The children’s skin had deepened to a nice tan by the next day.  Their father proclaimed that they could take a shorter excursion to the beach, just in the morning for a few hours. Martin’s face and neck were peeling badly enough that he bought a straw hat to protect himself while he herded his excited offspring back across the main road and into the waves.

It was, again, Anladet’s world. There was so much to do, so much to explore, and only a short time to do it. She took Garlin by the hand and led him back to the rocks, this time hugging the boulders around it to make it out into deep water. Her brother chickened out and swam back to the beach, so she brought one of starfish she had found clinging to the boulders over to him.

“Touch it,” she said, “it’s bumpy and slimy.”

Garlin giggled.  “It’s sticking to me!”  He pulled the arms up slowly, one by one, and started again, laughing that he had just pulled that one up and it was stuck again.  It was one of the things she had loved most about her brother; he met strangeness and fear with excitement and curiosity, with an unabashed love for new things.

Anla returned the poor creature it to the nearest rock when they were done prodding at it and poking it.  She then led Garlin back into the water and played in the waves. Anla had figured out how to stand on her hands, clutching the sand furiously until she was toppled over by the waves. Her brother joined her, sputtering inhaled water the first time he tried. They moved on to cartwheels and underwater somersaults.

Anladet started walking on her hands towards the beach when her hand wrapped around something sharp. Alarmed, she pulled her arm back, toppling to the side. She carefully reached down, brushing aside the sand instead of diving her hand in, and unearthed a seashell with bumpy spikes on the outside. It was beautiful, a pink and white speckled swirl bigger than her hand was wide. It was her treasure and, as most children excited about new and incredible things, she needed her father to see it right then and there.

“Dada!” she yelled out.

It took a moment before she realized what she had done. She slipped beneath the water, hugging the shell close to her chest. No, she thought. That was the one thing I wasn’t supposed to say. Did anyone hear me? Am I going to get in trouble? Her father had always commended her on how well she played the game and she just spoiled it.

She peeked out of the water, just her eyes, to see if Martin was looking at her. Or anyone else. The beach seemed as it had, everyone going about their normal play. Garlin was under the waves, twisting around and oblivious to what she had done.  Her mother still sat on the oversized blanket the hotel had loaned them, pulling her hat down when a gust of wind threatened to take it away.  Her father stood some distance behind her, speaking with a group of men.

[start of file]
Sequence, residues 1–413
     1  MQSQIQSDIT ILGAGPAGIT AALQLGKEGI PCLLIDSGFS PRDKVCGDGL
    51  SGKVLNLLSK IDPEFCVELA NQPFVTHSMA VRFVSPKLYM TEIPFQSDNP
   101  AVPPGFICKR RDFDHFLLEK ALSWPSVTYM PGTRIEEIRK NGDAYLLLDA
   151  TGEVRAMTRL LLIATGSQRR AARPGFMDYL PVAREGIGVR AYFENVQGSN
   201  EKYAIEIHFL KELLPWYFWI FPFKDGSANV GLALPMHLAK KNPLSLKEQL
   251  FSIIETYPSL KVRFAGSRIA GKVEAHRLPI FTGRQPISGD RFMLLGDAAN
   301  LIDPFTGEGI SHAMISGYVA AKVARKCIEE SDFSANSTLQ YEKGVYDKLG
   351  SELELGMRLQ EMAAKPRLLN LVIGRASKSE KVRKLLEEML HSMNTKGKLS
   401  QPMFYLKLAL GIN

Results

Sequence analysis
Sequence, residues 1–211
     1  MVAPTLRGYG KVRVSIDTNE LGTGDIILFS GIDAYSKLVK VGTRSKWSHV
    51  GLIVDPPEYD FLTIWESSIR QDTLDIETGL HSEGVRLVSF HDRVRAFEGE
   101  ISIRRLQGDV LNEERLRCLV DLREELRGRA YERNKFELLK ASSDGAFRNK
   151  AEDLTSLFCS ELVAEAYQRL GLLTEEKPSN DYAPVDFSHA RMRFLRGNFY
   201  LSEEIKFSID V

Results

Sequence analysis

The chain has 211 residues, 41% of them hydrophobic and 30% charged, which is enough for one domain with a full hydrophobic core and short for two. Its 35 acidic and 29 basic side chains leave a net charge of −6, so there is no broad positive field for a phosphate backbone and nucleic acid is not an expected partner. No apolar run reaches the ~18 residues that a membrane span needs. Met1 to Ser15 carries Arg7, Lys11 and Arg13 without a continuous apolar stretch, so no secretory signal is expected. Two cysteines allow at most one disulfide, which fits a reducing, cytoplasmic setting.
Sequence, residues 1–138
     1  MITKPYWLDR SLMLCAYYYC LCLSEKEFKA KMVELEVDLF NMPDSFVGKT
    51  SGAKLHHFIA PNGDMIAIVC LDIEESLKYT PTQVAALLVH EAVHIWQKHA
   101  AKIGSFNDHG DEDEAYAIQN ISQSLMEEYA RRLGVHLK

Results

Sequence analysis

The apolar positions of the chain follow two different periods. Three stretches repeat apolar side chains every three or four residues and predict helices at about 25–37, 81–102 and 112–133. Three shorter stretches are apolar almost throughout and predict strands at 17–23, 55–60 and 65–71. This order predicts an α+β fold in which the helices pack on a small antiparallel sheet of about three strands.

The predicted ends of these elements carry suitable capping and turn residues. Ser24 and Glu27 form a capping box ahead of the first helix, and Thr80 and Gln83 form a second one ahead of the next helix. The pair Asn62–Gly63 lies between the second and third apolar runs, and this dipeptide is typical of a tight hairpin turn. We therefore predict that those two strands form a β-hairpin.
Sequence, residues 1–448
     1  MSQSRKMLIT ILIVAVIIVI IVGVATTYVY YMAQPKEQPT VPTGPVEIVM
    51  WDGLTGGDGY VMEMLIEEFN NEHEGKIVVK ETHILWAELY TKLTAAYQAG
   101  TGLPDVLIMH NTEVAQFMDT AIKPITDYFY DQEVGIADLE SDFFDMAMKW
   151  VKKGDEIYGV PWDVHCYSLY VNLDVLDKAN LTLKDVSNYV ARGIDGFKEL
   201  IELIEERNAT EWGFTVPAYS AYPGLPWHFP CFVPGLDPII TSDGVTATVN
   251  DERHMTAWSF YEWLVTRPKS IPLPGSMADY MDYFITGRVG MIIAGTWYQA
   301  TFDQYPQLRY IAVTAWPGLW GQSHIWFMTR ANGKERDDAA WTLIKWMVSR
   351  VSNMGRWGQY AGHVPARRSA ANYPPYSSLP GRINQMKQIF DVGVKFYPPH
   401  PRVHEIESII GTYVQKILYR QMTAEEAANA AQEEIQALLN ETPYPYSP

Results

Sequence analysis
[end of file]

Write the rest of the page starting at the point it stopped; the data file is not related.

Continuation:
Everything seemed fine.  Still, the day was ruined for her. She continued to explore and swim, but her stomach was tied in knots. Was she in trouble? Was she going to be punished? It had been an accident. Mama sometimes made them sit with their foreheads touching the large tree across from their house whenever they were bad. Anladet didn’t want to do that in front of all these people.

No one said anything as the family shuffled back to the hotel, bathed, changed, and headed out to walk in town again before lunch. On their way through the plaza, they noticed a commotion in the form of a mounted sheriff’s posse headed down the street. Since the group was taking up most of the road, people moved out of their way, lining the sidewalks to let them pass.

Despite her serious gaff earlier, Anladet never thought they would stop in front of their family.

“Sir,” the sheriff asked Martin, “are you the father of these children?”

The crowd quieted, waiting to hear what their father would say.  Anladet remembered clearly at how strong his accent  was compared to the sheriff’s. “No, sir, I am their hired guard. I am sworn to protect them while they are vacationing in this fine town.”

“We have reason to believe that is a lie,” the sheriff said. If anyone in the crowd had been speaking, they were silenced by the accusation.

Martin blinked a few times, then gave a forced, fake smile. “Sir, no, I am just their guard.  I was paid to watch them by their father, who is a wealthy businessman in New Wextif.”

The sheriff looked down over the group, from Martin to Nakeswa, then to each child.  Garlin reached for Anla’s hand and held it as the man analyzed them, his gaze lingering for an uncomfortable amount of time.  “They look like you,” the sheriff said to their father, “especially that one” he said, pointing to Anladet, “and that one,” he finished, pointing to Garlin.

“Sir, any resemblance is coincidental.” He still had that forced smile, but he kept swallowing, his prominent Adam’s apple bouncing up and down his throat.

“Please remove your hat, madam,” the sheriff asked their mother.  In uncertain motions, her hands reached up and took off the broad-rimmed hat that had protected her face from the sun and any notice of her difference.  “Could you brush your hair back for me, madam?”